- Functional MRI during the spatial working memory task: This task requires participants to memorize a 3-target set (solid circles) in a 500 millisecond period. Participants are instructed to mentally “connect the dots” of the target set and then mentally rotate the resulting shape 30°clockwise during a 3000 millisecond retention interval. They are then asked to indicate whether a subsequently presented probe set of circles forms the same configuration as the rotated target shape. The ratio of match to non-match trials will be 70:30. The control task involves visual processing and making a manual response in the absence of working memory demands. Comparison of the two conditions reveals brain regions actively involved in spatial working memory.
- Functional MRI during foot movement: Participants will move the dominant foot and wrist in isolation and in combination, paced by an auditory metronome. Participants will alternate between 20 seconds of movement and 20 seconds of rest within runs. MRI compatible encoders will be used to track movement.
- Functional MRI during ankle muscle proprioceptive stimulation: Investigator will compare foot
tendon vibration to vibration of a nearby bone to map proprioceptive
representations. Proprioceptive activation in the parietal, frontal, and insular cortices has
been shown to be correlated with balance performance measured outside the scanner. This experiment will determine whether bed rest-induced changes in proprioceptive maps correlate with
balance changes. Participants will lie in the scanner during alternating 20 second blocks of
80 Hertz tendon or bone vibration.
The investigators are in the process of analyzing data. However, preliminary results are available.
Investigators have fifteen participants enrolled in the bed rest arm of this study; eleven of these have completed all seven of the test sessions. To summarize, the measures acquired can be categorized into behavioral assessments and brain imaging assessments. The behavioral tests measured outside of the scanner include: card and cube rotation tests of spatial working memory; digit symbol substitution test of processing speed; rod and frame test of visual bias; pegboard test of bimanual coordination; sensory organization test of vestibular-mediated balance; functional mobility test of obstacle course navigation; vestibular evoked myogenic potential to assess vestibular function. The neuroimaging tests of brain structure and function include: structural MRI to measure regional brain volumes and relative gray matter density; diffusion weighted scans (often referred to as DTI) to measure structural connectivity integrity; resting state functional MRI to measure functional connectivity integrity; functional MRI to measure brain networks engaged during the performance of various tasks. The latter tasks include imaging of the functional vestibular cortex; brain regions engaged during single and dual tasking of cognitive and motor behaviors; brain regions engaged during adaptation of pointing movements to perturbed visual feedback; brain regions engaged for spatial working memory, and for foot tapping.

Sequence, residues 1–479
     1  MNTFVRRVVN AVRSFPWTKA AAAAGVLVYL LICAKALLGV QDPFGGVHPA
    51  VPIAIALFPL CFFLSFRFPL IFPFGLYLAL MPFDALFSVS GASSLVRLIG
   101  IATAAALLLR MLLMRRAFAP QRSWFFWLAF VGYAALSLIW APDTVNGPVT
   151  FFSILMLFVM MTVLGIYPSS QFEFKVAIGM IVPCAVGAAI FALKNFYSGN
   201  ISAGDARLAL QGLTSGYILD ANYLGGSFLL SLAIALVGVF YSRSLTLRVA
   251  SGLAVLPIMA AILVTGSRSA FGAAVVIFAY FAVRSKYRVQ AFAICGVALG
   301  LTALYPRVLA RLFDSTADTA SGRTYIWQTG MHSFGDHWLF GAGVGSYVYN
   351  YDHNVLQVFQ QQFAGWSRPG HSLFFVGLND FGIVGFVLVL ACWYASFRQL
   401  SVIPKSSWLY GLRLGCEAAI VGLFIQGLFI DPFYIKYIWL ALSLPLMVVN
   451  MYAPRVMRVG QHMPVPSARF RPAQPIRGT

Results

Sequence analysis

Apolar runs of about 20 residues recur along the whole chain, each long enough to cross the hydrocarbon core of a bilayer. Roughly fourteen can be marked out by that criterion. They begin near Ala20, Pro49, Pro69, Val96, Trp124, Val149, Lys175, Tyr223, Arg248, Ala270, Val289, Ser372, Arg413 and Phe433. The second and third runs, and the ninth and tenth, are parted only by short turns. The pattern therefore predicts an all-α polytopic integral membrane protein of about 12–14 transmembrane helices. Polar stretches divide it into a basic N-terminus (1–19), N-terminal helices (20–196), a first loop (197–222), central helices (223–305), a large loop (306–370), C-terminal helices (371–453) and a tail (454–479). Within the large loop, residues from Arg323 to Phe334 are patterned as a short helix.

Investigators initiated the data collection for normative control subjects and have obtained complete data for six subjects so far. Also, they added an extra structural MRI measure (i.e., T2-weighted image) to the MRI protocols of the normative and bed rest subjects. T2-weighted imaging is better able in visualizing fluid, and thus could be a more sensitive method to detect fluid redistribution as a result of space flight/bed rest that could induce increased intracranial pressure. The analyses of brain structure have revealed focal and global changes in frontal, temporal, and parietal regions of the brain. Furthermore, investigators observed increases in third ventricle volume with accumulating time in bed rest.
Koppelmans V, Erdeniz B, De Dios YE, Wood SJ, Reuter-Lorenz PA, Kofman I, Bloomberg JJ, Mulavara AP, and Seidler RD. Study protocol to examine the effects of spaceflight and a spaceflight analog on neurocognitive performance: extent, longevity, and neural bases. BMC Neurology.
2013. December 18; 13:205. [
Koppelmans V, Pasternak O, Bloomberg JJ, Dios YE, Wood SJ, Riascos R, Reuter-Lorenz PA, Kofman IS, Mulavara AP, and Seidler RD. Intracranial fluid redistribution but no white matter microstructural changes during a spaceflight analog. Science Report.
2017. June 9; 7(1):3154.
Computerized dynamic posturography - CDP
Diffusion tensor imaging - DTI
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Functional mobility test - FMT
Functional MRI - during auditory click-induced VEMP
Functional MRI - during finger tapping under single and dual task
Functional MRI - during ankle muscle proprioceptive stimulation
Functional MRI - during foot movement
Functional MRI - during the sensorimotor adaptation task
Functional MRI - during the spatial working memory task
Hand motor function
Posture and locomotor control
Sensorimotor and cognitive assessments
Spatial working memory capacity
Structural and functional brain changes
Vestibular evoked myogenic potentials - VEMP
Crew health and performance is critical to successful human exploration beyond low Earth orbit.
The Human Research Program (HRP) investigates and mitigates the highest risks to human health
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Risks include physiological and performance effects from hazards such as radiation, altered gravity,
and hostile environments, as well as unique challenges in medical support, human factors,